- The next point to mention is Nehemiah describing the various gates or places of work. Nehemiah begins at the Sheep gate and then moves counter-clockwise around the city. He mentions ten gates and several towers that were rebuilt or repaired. Each gate had significance to the city and has spiritual insights to encourage us in our own personal lives and ministry.
- The Sheep Gate was used for temple sacrifices and reminds us of Jesus the Lamb of God.
- The Fish Gate was used to bring food to the city. God provides just like the multiplication of five loaves and two fish.
- The Old Gate allowed people to enter into the "new quarter" reminding us that the old and the new are to be complimentary of each other.
- The Valley Gate needed to be repaired along with a sizeable stretch of the wall. This reminds me of the times in life when we go through tough times, like the valley of the shadow of death. It is during these times of humility that God strengthens our lives.
- The Dung Gate. This speaks for itself. The city of Jerusalem, like our our lives, needed to remove its daily garbage. Even though the Dung Gate would be a stinky mess, it was essential to the health of the city.
- The Fountain Gate was located near the Pool of Siloam and was fed by the Spring of Gihon. Water was and is a source of life for the city of Jerusalem. The same can be said of living water from the Holy Spirit.
- The Water Gate was also a source of water for the city. It is interesting to note that several sources of water were needed to fully supply the city. In other words, we can never have enough of the Living Water of Life.
- The Horse Gate was an entrance for the army and its horses, reminding us that our Christian life is one of spiritual warfare.
- The East Gate led directly to the Temple. Ezekiel saw the glory of the Lord depart from this gate in his vision and the glory return through the same gate.
- The Inspection Gate was where the army gathered in times of war. We all need to be "watching and praying" for the enemy of our souls prowls around like a lion seeking to devour the unsuspecting.
The walls were repaired between each of these gates by the faithful servants of God, but the walls to only half their original height - “So we rebuilt the wall till all of it reached half its height, for the people worked with all their heart” (Neh 4:6). The work was ongoing and in the weeks ahead we will discover in greater detail some of the challenges Nehemiah faced.
The main purpose of life and ministry is to see the glory of God manifest on earth as it is in heaven. In the Nehemiah’s case he sought to glorify God along with the workers as they rebuilt and repaired the gates and walls. Everyone was given the opportunity to join in the rebuilding process of Jerusalem; no one was overlooked. The exception was directed to those opposed the work. Nehemiah made it sure that they were not included in the rebuilding and or the historical recording of the event. So again we see those who worked hard and those who hardly worked. Some received special mention because of their zealousness while others started by working hard only to later oppose the work.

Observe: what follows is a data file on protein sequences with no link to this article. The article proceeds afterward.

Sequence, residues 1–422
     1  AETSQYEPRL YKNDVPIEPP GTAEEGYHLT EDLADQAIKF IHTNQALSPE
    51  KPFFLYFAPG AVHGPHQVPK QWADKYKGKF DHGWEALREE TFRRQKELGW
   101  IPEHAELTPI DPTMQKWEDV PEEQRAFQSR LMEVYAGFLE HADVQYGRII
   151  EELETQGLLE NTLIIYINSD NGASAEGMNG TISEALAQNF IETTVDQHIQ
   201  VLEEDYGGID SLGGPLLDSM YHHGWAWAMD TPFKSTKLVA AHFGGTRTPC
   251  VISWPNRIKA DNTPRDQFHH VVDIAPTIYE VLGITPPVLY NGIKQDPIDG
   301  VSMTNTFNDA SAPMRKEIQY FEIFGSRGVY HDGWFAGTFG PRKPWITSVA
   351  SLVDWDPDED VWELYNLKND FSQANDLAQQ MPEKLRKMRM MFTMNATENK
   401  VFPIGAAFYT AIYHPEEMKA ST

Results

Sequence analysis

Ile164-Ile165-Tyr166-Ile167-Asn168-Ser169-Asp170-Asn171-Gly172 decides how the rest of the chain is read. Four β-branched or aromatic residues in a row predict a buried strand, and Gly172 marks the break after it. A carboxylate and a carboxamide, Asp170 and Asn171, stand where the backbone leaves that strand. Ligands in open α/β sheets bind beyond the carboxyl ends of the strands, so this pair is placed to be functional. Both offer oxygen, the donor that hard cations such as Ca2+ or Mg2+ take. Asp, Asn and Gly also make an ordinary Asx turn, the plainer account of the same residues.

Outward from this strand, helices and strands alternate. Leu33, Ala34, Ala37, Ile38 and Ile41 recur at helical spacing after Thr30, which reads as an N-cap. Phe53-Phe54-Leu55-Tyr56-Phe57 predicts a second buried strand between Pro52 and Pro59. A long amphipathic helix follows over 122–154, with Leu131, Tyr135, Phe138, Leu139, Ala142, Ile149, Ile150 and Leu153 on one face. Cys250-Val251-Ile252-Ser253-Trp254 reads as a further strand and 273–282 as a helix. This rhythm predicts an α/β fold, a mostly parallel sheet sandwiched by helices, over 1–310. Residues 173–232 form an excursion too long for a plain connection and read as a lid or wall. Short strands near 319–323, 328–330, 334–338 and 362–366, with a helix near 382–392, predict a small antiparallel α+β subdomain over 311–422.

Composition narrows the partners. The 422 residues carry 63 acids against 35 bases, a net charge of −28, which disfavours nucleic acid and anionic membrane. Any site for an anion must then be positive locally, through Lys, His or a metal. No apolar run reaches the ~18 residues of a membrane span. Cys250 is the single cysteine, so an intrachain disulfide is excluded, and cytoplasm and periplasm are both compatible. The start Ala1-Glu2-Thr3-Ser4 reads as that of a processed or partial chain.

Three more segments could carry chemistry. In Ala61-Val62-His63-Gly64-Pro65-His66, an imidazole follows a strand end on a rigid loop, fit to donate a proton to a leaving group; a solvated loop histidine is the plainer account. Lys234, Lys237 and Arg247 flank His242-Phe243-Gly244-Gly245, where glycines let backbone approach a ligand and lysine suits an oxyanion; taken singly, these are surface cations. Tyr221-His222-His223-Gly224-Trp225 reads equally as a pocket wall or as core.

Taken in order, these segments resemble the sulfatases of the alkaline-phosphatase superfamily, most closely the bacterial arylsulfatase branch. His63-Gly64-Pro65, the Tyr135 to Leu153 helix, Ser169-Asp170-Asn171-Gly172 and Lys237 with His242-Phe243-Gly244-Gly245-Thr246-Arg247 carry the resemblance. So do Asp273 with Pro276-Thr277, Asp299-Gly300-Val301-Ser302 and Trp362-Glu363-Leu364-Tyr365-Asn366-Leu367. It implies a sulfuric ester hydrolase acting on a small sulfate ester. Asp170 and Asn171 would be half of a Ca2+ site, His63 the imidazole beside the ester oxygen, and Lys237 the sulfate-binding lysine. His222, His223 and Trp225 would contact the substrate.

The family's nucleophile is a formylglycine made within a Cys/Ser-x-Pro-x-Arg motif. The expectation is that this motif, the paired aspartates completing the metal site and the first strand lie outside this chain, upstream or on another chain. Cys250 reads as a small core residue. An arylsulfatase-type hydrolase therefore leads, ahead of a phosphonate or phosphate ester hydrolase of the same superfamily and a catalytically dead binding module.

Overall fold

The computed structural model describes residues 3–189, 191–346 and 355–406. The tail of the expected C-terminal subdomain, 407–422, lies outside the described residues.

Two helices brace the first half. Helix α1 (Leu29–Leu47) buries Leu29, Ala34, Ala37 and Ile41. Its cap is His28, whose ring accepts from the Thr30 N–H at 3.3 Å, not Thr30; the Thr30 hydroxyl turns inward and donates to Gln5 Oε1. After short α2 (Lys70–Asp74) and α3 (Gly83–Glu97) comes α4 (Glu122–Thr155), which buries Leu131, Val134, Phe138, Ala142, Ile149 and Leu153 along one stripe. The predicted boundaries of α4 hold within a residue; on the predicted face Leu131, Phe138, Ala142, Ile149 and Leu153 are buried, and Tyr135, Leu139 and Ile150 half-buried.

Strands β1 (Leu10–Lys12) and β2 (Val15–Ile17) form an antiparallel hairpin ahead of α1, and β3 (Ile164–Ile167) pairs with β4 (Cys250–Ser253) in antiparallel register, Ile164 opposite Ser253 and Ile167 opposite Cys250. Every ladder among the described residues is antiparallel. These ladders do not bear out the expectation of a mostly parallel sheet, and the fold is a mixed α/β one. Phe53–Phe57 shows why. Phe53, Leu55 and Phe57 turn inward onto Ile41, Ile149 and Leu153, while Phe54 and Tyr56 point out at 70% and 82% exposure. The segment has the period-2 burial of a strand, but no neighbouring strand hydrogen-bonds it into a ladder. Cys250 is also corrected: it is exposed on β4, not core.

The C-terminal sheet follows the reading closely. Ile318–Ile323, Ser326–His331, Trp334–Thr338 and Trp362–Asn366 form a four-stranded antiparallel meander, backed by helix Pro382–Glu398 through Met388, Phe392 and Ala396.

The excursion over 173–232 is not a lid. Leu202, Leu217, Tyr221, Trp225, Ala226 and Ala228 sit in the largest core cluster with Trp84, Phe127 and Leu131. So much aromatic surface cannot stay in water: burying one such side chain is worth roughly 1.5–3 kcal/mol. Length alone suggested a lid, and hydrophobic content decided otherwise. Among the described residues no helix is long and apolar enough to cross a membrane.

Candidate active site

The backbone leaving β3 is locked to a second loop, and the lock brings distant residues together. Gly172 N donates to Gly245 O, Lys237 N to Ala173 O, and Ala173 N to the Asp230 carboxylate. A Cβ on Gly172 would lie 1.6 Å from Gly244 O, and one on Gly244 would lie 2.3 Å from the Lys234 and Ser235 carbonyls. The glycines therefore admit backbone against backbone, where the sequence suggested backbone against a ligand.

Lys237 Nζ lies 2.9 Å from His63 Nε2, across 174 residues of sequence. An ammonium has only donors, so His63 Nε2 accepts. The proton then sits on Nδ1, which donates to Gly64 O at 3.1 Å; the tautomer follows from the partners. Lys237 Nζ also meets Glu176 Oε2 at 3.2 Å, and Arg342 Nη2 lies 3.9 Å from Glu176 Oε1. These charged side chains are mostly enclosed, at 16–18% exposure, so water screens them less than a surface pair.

This reminds me of the church. Everyone is a gift to the Body of Christ and brings their spiritual gifts and talents to ministry. In 1 Corinthians 12 and 14, Paul compared individual Christians to members of the human body. The body is made up of unique members and each has a special function to perform. It is important to understand that the Body of Christ, with all its members - male and female - has various levels of spiritual maturity, some hard workers and some who are along for the ride. Some people are very gifted but lack godly character. Some disciples for Jesus start well only to end poorly. The church is an unique expression of people who are hungry for God in the midst of a pagan world. The Body of Christ is meant to be the repairer of the breach, so to speak, bringing health and righteousness to all those who are bound in sin, the religious, the oppressed, the hungry, the poor and the naked - “Your people will rebuild the ancient ruins and will raise up the age-old foundations; you will be called Repairer of Broken Walls, Restorer of Streets with Dwellings” (Isa 58:12).
The people in Nehemiah’s day finished the difficult work of rebuilding and repairing the walls, because they obeyed the same leader, kept their eyes on the same goal, and worked together for the glory of God. They forgot the former shame of captivity and worked with all their hearts towards the restoration of Jerusalem.
Today we need to apply this Scripture together, ARM to ARM as we work to fulfill God’s Dreams personally and corporately in Courts of Praise. I pray that we can all work together and work hard so that God’s Glory may be revealed. I pray that we can discover and develop those spiritual gifts that are present here in our church.
I want to end today’s sermon with this Scripture. During the Justice Glory and Harvest Conference I believe the Lord gave me this passage of Scripture for us as a church in Saskatoon, but also for us personally.
Psalm 20:2-5 -
2 May he send you help from the sanctuary
and grant you support from Zion.
3 May he remember all your sacrifices
and accept your burnt offerings. Selah
4 May he give you the desire of your heart
and make all your plans succeed.
5 We will shout for joy when you are victorious
and will lift up our banners in the name of our God.
May the Lord grant all your requests.